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Caribbean economic problems

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by Nilio Gumbs 01.APR.10

The Caribbean islands are faced with the worst economic fallout probably since the 1930’s. Every country in region is experiencing fiscal deficits as a result of the global economic and financial crisis.{{more}}

Rising expenditure and declining revenues and remittances have affected the governments in the region ability to pay salaries and meet their high indebtedness.

The high indebtedness of Antigua, EC$3.1 billion, has virtually made it impossible for that country to borrow on the regional and international capital market. The Government had no other choice but to negotiate a US$124 million loan agreement with the International Monetary Fund.

Six of the ten worst indebted countries in the world are found in the Caribbean, limiting their ability to borrow regionally and internationally and in the process forcing some to turn to the IMF where conditionality will apply.

Jamaica, before Antigua, had negotiated a US$1.27 billion agreement with the IMF, to meet rising government debt, weak economic growth and the impact of the global economic and financial crisis. The agreement with the IMF entails the reform of the public sector to substantially reduce the large budget deficit, a debt strategy to reduce debt servicing costs and reforms to the financial sector to reduce risks.

As part of its restructuring effort, the Jamaican government has signaled its intention to downsize the Civil Service by ten thousand to reduce recurrent expenditure.

In the Turks and Caicos islands, the Chief Administrative Officer of the interim administration has informed all public employees that salaries and other allowances excluding housing would be cut by 10 percent in attempt to rein in expenditure.

In Antigua, the Finance Minister announced that the country must reduce government spending on salaries by 20 percent by 2012.

The impact of the economic and financial crisis in major developed countries has affected the Barbados economy also, resulting in the contraction of real output, a reduction of foreign exchange inflows and an increase in unemployment.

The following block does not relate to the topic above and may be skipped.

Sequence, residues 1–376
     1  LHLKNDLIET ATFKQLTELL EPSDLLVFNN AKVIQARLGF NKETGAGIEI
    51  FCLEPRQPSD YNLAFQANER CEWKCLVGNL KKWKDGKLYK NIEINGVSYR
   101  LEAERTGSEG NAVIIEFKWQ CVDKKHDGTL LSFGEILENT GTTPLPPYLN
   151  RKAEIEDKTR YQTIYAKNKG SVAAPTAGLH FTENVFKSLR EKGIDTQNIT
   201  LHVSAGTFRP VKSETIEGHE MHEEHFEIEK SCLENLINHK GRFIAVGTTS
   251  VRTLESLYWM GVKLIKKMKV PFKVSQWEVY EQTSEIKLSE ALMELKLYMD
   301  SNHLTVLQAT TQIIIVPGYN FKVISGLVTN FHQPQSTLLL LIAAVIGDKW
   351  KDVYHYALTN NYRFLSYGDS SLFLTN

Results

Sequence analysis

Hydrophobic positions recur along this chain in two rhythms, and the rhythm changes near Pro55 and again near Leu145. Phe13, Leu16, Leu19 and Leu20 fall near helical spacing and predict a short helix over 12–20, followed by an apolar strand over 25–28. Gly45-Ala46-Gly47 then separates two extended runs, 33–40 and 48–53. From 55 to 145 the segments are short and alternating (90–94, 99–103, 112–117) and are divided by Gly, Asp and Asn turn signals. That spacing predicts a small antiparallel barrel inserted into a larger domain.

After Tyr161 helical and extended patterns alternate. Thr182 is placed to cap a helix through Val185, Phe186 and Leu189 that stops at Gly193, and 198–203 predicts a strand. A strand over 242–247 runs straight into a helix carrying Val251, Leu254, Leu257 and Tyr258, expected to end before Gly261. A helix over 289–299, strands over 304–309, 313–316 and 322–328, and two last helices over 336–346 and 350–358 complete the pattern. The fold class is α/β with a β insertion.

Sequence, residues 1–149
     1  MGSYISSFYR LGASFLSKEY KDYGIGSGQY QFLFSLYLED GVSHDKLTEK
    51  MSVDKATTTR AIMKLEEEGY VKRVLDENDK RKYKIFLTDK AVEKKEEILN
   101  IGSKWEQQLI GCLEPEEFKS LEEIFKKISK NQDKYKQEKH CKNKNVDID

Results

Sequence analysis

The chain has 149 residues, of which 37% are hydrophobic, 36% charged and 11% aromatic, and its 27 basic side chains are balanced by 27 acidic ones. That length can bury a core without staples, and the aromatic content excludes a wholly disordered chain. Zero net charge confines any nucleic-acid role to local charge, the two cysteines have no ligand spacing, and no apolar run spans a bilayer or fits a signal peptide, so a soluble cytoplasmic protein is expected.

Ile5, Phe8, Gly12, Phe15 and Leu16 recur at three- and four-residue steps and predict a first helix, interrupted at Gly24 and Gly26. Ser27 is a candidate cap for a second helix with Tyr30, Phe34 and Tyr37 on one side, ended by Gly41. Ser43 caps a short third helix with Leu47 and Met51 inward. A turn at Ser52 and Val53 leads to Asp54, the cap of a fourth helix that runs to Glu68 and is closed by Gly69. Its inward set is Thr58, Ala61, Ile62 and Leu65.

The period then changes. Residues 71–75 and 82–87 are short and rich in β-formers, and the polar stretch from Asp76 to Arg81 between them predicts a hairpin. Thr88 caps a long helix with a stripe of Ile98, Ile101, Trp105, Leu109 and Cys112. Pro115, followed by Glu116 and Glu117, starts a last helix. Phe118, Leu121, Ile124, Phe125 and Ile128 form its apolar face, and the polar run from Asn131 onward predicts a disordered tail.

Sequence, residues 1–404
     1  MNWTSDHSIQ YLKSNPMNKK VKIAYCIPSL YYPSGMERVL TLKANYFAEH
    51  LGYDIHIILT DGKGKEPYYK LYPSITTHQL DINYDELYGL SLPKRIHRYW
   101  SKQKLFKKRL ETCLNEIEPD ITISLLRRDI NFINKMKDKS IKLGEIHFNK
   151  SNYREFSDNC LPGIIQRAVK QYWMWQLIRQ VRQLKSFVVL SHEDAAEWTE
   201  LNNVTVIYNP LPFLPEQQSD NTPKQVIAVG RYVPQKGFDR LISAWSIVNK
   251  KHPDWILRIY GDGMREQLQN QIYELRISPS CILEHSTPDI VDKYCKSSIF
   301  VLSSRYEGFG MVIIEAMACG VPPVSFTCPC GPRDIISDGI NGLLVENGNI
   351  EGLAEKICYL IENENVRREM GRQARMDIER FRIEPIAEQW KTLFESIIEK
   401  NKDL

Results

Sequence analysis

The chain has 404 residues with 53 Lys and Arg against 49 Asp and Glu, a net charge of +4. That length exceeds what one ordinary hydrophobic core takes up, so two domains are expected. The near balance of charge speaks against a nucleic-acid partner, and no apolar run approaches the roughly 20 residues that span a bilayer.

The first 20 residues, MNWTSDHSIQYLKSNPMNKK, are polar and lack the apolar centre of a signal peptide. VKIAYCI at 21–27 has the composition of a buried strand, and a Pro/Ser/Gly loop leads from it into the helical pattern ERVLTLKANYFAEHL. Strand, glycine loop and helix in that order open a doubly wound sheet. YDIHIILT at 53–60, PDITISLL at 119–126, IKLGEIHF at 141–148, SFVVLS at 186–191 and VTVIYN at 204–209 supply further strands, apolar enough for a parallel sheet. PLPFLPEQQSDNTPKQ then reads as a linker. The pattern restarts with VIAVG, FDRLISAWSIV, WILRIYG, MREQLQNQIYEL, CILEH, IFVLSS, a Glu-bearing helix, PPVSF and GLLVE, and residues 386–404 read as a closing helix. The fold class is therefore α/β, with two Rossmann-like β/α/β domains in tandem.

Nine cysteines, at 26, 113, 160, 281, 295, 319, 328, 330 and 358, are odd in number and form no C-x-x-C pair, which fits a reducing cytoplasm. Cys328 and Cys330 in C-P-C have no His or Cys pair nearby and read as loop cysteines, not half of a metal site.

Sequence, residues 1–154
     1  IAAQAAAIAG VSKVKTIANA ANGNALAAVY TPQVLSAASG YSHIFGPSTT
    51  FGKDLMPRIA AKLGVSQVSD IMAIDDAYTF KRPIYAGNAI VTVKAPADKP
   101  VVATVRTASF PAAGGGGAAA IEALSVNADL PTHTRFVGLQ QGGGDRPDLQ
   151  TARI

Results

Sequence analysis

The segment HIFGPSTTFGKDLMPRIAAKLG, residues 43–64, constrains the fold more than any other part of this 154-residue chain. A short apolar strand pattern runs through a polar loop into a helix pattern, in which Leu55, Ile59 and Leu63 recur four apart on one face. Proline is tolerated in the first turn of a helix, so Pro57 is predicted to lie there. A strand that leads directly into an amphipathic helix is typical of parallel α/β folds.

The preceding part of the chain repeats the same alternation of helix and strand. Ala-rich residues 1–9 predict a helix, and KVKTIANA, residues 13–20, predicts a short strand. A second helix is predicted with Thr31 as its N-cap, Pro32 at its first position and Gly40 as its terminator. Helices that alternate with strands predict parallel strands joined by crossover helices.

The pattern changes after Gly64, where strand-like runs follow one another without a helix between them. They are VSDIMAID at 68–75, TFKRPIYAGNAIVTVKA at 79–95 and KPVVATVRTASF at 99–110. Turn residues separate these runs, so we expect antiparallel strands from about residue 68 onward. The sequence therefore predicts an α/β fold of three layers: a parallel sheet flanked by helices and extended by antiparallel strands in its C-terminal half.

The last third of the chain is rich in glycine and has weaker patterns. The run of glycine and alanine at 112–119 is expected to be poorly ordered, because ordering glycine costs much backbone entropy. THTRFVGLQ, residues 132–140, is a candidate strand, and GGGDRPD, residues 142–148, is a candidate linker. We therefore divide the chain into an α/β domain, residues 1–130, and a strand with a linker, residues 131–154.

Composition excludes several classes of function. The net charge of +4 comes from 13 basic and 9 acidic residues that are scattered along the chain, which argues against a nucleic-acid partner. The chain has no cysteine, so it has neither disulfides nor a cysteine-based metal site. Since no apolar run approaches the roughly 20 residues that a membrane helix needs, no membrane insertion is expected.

The fiscal imbalances that exist in Barbados, Antigua and Jamaica are found in all Caribbean countries resulting in the inability of governments to pay for services provided by local suppliers, further stifling economic activity.

The root cause of the situation in Caribbean economies is that government expenditure seems to be mounting while tax revenue is declining. In Barbados, the government revenue was 10 percent less than forecast. The government’s tax revenues have fallen by 9.6 per cent during the first nine month of fiscal year 2009/10 resulting in a fiscal deficit of Bds$480.9 million.

Many governments are trying to weather the economic storm, hoping for a full recovery from the global economic and financial crisis in industrialized countries. They are trying to stall as long as possible from going to the IMF.

St.Kitts and Nevis Prime Minister Dr Denzil Douglas in his recent budget speech noted that “his country has no choice but to turn to the IMF for financial assistance.”

St.Vincent and the Grenadines may find itself in an awkward position, in that it is in an election year, making it uncomfortable for the government to go to the IMF.

These small economies are difficult to manage and require sound management from day one. Unfortunately, some of the problems faced by these countries have been self inflicted through blatant mismanagement and wasteful expenditure.

The conditionality imposed by the International Monetary Fund may be a bitter pill to swallow by many governments and people of the region. There is the old saying “he who pays the piper call the tune”.

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